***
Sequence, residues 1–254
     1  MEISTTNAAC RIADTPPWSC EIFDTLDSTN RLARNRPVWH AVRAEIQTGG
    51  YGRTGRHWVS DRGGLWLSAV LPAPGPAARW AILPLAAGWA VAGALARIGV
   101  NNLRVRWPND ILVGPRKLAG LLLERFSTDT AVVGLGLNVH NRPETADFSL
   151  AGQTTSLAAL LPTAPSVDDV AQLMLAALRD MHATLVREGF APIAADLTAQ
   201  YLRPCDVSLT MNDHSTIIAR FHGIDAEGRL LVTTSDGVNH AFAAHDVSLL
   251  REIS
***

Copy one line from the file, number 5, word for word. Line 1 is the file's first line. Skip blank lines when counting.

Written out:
   151  AGQTTSLAAL LPTAPSVDDV AQLMLAALRD MHATLVREGF APIAADLTAQ